Her ex-boyfriend, Malcolm, had gotten the same expression when he thought he was about to get laid. He’d usually been right. There had been something exhilarating about his sexual adventurousness, his willingness to fuck against the wall of demon hives after burning them to the ground, and Elise felt a tingle of that similar exhilaration as Ryan’s girlfriend set a tray of drinks on the table between them. If Seamus remained conscious long enough, he’d definitely be getting lucky.
The girl had gotten enough Guinnesses to go around the entire group. Elise stopped the others from grabbing any. “I said I’d drink you all under the table consecutively.”
“You mean you want to split these between the two of us,” Seamus said.
She responded by taking one glass.
James would never have approved of this game for multiple reasons. It was never wise to advertise the presence of a kopis, especially a female kopis. Her ability to demolish that much alcohol would be like advertising her presence to any local preternatural creatures. And once they started talking about her, rumors had a way of getting carried to dangerous ears on the wind.
Beyond that, James would warn her that this game could hurt the mundanes she was drinking against. Men were stupid when they got challenged. Elise might not be able to get drunk easily, but they could, and alcohol poisoning was a very real risk.
And Elise also thought James probably just didn’t want her to have fun.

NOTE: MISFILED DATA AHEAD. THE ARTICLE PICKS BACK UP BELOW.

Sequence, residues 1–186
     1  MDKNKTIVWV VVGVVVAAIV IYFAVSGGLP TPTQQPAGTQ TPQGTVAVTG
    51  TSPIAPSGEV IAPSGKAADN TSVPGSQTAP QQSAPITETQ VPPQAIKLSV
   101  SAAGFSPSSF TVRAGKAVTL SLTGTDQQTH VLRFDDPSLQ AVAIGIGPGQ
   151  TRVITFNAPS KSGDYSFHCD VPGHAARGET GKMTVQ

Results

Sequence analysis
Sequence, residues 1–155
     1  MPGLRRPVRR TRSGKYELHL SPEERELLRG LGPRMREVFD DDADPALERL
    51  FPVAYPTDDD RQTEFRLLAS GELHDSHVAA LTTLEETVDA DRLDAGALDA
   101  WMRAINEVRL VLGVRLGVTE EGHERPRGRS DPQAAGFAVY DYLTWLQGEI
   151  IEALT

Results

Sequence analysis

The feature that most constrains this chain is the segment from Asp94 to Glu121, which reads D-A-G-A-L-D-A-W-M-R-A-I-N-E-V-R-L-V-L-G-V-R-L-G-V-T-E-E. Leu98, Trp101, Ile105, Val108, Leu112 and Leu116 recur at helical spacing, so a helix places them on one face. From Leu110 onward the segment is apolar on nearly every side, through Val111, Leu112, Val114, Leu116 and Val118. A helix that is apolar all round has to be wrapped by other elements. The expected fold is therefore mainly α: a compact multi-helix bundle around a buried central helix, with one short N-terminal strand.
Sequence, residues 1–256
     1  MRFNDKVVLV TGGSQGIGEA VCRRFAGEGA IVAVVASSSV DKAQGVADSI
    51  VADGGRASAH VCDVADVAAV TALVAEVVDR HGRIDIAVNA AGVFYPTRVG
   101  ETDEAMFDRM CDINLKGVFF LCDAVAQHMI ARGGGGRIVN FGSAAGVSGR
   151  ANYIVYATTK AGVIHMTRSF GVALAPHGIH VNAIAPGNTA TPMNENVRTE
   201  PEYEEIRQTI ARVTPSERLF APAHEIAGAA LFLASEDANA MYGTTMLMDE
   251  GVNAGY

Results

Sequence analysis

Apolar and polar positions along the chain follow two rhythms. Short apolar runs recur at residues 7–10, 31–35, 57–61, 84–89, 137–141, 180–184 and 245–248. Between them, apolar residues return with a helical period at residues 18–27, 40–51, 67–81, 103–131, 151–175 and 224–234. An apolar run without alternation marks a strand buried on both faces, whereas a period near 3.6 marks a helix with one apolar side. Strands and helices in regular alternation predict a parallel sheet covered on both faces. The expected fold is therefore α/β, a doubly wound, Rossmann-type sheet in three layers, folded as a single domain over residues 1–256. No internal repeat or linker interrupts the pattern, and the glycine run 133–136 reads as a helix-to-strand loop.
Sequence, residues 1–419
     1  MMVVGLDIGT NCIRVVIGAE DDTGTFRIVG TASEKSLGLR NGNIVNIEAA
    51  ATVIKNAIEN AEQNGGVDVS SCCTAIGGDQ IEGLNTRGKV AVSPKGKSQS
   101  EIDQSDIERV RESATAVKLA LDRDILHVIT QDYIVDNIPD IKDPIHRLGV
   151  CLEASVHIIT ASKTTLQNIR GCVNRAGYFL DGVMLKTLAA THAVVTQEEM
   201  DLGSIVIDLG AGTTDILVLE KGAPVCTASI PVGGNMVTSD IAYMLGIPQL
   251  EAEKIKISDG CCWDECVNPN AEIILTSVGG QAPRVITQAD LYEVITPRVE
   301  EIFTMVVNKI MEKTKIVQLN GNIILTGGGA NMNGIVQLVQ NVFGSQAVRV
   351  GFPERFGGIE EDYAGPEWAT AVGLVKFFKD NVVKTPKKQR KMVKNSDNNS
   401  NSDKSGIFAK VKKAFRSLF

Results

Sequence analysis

That was the most irritating of all the reasons he would have tried to discourage her if he were there, controlling bastard that he was.
Seamus lifted the first glass in a silent toast.
Elise clinked glasses with Seamus and knocked back the first Guinness.
Night fell. The hours inched past. Elise remained at the pub, and James worked in the dark without her.
Books were ordinarily all the company he needed. Research was his hobby—what his ex-fiancée had called “a pretty lame hobby, James, have you thought about taking up stamp collection?”—and it was easy to lose himself in his favorite Books of Shadows, demoniacal hierarchies, and old diaries.
Now he couldn’t seem to take his eyes off the clock.
It was approaching eight o’clock. Elise would probably still be out drinking for a long time. But he wanted to speak with her more than he wanted to figure out what kind of demon they had exorcised, and it made focusing difficult.
“Focus,” James muttered, shuffling through the newspapers he’d collected from a neighbor’s over-full garbage can. He had been poring over the local news ever since Elise left, searching for any indication of how a demon could have ended up in the city.
He hadn’t found anything.
Also, the clock said it was now nine minutes to eight.